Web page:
Subjective Memory May be Marker for Cognitive Decline
Source: University of Texas at Dallas
Summary: Researchers suggests that subjective complaints about poor memory performance, especially in people over 60, could be a useful early marker for the onset of mild cognitive decline, which sometimes foreshadows Alzheimer’s disease.
Subjective memory is a person’s unscientific self-evaluation of how good his or her memory is, and whether, in that person’s opinion, there has been any worsening of memory through age. While some changes may be undetectable to others and are often too subtle to register on cognitive tests, the person subjectively believes that memory is slipping. Previous studies suggest that subjective memory complaints are not necessarily indicative of cognitive decline, and may stem from underlying conditions such as anxiety and depression, which have been shown to impede memory. Researchers from the University of Texas suggests that subjective complaints about poor memory performance, especially in people over 60, could be a useful early marker for the onset of mild cognitive decline, which sometimes foreshadows Alzheimer’s disease. The study findings were published in the journal Psychology and Aging.
The current study measured mood and screened out depressed individuals. The team also measured participants for known risk factors for memory loss and Alzheimer’s, such as higher levels of beta-amyloid in the brain and the presence of a gene variant called ApoE4. These factors were taken into account to examine whether subjective memory alone was a reliable correlate of actual memory ability. The study focused on associative memory, for example, remembering word pairs and name-face pairs. This type of memory is particularly sensitive to age-related decline, and the most common complaint of aging individuals. The study found that a person’s intuitive or intrinsic assessment of his or her own memory was actually a reliable predictor of performance on the laboratory memory assessment. This result was particularly true for individuals with genetic risk for memory loss.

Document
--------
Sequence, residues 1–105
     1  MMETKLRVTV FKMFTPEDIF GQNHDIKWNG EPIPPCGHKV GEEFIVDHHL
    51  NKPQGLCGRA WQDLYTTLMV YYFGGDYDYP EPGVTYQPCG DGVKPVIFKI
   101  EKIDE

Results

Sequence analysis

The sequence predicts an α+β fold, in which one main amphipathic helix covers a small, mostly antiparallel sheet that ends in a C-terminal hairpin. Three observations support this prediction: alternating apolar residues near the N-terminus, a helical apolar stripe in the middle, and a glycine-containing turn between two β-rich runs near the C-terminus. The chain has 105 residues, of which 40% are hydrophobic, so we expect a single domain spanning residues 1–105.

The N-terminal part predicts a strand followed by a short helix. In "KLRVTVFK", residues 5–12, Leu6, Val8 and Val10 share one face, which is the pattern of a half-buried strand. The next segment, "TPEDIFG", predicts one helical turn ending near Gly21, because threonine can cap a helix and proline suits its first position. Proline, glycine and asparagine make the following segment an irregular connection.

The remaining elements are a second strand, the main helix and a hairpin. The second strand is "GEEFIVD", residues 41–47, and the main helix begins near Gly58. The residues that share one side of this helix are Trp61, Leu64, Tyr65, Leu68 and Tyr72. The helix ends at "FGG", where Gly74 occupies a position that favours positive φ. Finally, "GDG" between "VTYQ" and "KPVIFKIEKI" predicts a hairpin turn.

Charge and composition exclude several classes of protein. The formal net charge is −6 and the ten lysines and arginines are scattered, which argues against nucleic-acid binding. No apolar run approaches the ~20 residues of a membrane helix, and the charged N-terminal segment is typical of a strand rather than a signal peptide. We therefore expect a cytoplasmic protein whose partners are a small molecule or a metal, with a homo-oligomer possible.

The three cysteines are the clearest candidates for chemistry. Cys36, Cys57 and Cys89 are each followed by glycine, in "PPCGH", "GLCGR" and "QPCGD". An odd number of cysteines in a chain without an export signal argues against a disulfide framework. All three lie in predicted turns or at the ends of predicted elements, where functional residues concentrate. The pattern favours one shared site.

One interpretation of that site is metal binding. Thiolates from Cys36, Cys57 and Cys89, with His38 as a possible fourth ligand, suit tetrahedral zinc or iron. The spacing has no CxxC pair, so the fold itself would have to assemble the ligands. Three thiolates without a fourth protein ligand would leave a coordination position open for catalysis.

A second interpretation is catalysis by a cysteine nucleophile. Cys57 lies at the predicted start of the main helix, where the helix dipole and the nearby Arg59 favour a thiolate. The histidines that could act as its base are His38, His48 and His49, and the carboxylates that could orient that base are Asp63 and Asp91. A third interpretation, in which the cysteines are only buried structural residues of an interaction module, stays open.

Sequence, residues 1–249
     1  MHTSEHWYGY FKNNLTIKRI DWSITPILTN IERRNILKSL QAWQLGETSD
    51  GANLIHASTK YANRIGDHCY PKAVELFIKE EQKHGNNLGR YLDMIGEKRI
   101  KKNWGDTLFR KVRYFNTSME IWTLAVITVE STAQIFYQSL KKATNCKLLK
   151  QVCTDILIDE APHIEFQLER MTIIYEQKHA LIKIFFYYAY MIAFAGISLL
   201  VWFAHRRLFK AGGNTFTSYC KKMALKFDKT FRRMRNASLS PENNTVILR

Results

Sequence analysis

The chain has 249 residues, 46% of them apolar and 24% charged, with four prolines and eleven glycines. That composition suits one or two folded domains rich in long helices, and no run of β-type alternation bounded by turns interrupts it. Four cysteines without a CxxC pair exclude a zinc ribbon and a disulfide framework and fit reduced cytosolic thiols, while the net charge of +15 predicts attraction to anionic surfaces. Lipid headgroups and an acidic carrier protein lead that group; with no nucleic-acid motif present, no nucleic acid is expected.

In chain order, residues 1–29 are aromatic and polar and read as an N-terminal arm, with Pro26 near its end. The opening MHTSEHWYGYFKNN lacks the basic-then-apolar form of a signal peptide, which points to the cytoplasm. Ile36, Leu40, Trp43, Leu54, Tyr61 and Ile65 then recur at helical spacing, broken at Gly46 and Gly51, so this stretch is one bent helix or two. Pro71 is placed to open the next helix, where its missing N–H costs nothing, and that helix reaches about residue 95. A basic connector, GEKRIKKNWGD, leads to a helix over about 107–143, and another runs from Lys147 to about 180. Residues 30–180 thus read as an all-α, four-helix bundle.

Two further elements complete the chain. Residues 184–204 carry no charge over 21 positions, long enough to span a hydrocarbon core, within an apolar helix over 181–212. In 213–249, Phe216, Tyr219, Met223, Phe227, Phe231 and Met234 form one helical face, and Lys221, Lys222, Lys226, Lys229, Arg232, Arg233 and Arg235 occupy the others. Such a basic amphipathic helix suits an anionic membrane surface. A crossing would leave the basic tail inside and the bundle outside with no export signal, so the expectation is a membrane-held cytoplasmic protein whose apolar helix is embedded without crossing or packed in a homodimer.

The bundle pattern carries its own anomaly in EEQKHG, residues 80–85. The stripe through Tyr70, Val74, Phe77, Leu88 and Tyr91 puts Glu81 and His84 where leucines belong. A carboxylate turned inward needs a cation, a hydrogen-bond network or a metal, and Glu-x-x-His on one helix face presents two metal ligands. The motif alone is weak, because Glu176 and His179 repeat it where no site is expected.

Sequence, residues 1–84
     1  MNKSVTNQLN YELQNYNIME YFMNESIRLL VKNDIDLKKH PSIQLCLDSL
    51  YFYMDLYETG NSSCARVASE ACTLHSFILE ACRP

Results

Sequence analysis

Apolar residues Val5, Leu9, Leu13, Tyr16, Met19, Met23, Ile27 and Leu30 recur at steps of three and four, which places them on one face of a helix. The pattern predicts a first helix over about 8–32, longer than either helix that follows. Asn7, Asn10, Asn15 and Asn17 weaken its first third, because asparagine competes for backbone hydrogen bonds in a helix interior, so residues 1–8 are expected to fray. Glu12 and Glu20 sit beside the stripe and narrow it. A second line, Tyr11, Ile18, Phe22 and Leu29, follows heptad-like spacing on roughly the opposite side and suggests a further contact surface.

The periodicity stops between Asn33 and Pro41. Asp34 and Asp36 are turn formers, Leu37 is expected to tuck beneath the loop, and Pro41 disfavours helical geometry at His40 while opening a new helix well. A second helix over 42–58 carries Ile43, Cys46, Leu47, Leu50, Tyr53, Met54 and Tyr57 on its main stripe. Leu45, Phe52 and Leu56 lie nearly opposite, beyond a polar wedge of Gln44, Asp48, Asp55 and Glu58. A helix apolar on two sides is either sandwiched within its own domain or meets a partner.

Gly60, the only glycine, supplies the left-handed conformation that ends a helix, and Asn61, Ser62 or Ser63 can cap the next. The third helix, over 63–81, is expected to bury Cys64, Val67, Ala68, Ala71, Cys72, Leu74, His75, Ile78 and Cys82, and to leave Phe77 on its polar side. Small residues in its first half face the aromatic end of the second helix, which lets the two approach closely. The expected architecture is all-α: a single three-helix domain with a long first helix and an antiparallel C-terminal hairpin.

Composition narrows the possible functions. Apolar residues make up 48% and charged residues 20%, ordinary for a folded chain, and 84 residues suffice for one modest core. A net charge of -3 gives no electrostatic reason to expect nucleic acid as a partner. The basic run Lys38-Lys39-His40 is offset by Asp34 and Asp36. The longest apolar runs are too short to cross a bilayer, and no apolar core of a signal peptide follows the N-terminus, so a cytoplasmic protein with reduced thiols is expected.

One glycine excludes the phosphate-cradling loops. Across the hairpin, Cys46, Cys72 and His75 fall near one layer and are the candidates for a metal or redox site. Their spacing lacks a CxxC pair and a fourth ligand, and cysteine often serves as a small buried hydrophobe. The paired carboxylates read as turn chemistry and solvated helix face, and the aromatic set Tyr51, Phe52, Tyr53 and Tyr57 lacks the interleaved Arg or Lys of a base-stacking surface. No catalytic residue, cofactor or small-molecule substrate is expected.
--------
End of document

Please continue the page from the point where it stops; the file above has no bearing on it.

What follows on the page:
Doctoral student Marci Horn said, “Our findings show that subjective memory can be a reliable indicator of memory performance, even in cognitively healthy adults”, “The same people who self-report memory problems may also have other risk factors associated with increased risk of Alzheimer’s disease.”
More Information: Marci M. Horn et al, “Association between subjective memory assessment and associative memory performance: Role of ad risk factors.,” Psychology and Aging (2018). DOI: 10.1037/pag0000217